FAA Finally Delivers NextGen Fuel-Efficient OPD Approaches

By Scott Spangler on January 24th, 2022

To reduce aircraft fuel consumption and reduce the aviation’s contribution to the CO2 saturated atmosphere, the FAA implemented 42 new Optimized Profile Descents that allow planes to make a low-power continuous descent from cruising altitude at the nation’s largest airports.

Compared to the traditional and typical stair-step or step-down descent from cruising altitude, the benefits are easily conveyed and understood. Coasting at idle uses less gas than adding power to level off at each lower altitude on the way to the airport.

In its announcement, the FAA estimates that for each group of descents used at an airport, aircraft will save an average of 2 million gallons of Jet-A and eliminate 40 million pounds of emissions by 2050. “That is equivalent to eliminating the fuel and emissions of 1,300 Boeing 737 flights from Atlanta to Dallas.”

Dallas-Fort Worth got its OPD in 2021, along with Fort Lauderdale-Hollywood International, Orlando International, Reid International and North Las Vegas, Port Columbus International, New Jersey’s Lakehurst Maxfield, Portland International, and other mid-sized airports. And the FAA will more OPD procedures in 2022.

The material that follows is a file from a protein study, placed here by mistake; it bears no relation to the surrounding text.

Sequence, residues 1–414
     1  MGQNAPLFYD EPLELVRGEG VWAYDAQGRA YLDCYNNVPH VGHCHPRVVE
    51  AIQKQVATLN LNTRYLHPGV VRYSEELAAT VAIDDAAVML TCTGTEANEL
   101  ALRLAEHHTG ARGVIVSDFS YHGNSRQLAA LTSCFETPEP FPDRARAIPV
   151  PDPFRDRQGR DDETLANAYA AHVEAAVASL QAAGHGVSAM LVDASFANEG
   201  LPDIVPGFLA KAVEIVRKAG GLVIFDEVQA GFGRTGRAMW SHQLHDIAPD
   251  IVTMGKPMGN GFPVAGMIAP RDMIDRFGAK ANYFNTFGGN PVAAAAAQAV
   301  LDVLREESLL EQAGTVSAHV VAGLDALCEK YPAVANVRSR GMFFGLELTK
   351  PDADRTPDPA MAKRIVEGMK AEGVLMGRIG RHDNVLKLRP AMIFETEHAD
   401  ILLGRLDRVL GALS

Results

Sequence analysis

These efficient procedures are, without argument, a good thing for everyone on the planet, but despite contrary to the announcement’s inference, Optimized Profile Descents are nothing new. As the agency noted in its announcement, the FAA has been developing OPD procedures since 2014, establishing them “in Atlanta, Charlotte, Cleveland, Denver, Detroit, Houston, Northern California, and Washington, D.C.”

And old timers might remember that OPDs, originally called continuous descent approaches, were one of the primary selling points when the FAA introduced its Next Generation Transportation System (NextGen) effort in, what was it, 2008?

All things considered, looking at all the necessary building blocks, all the operational aircraft and ATC equipment and procedures, including Performance Based Navigation, ADS-B, and the unseen infrastructure (like WAAS, for example) that make NextGen work, the introduction of OPDs could still be on the FAA’s to-do list.

Where OPDs stood on the FAA’s initial NextGen timeline really isn’t important now. What matters is that the FAA is carrying through on its NextGen promises for the benefit of all who travel through the air as well as all of us who breathe it.

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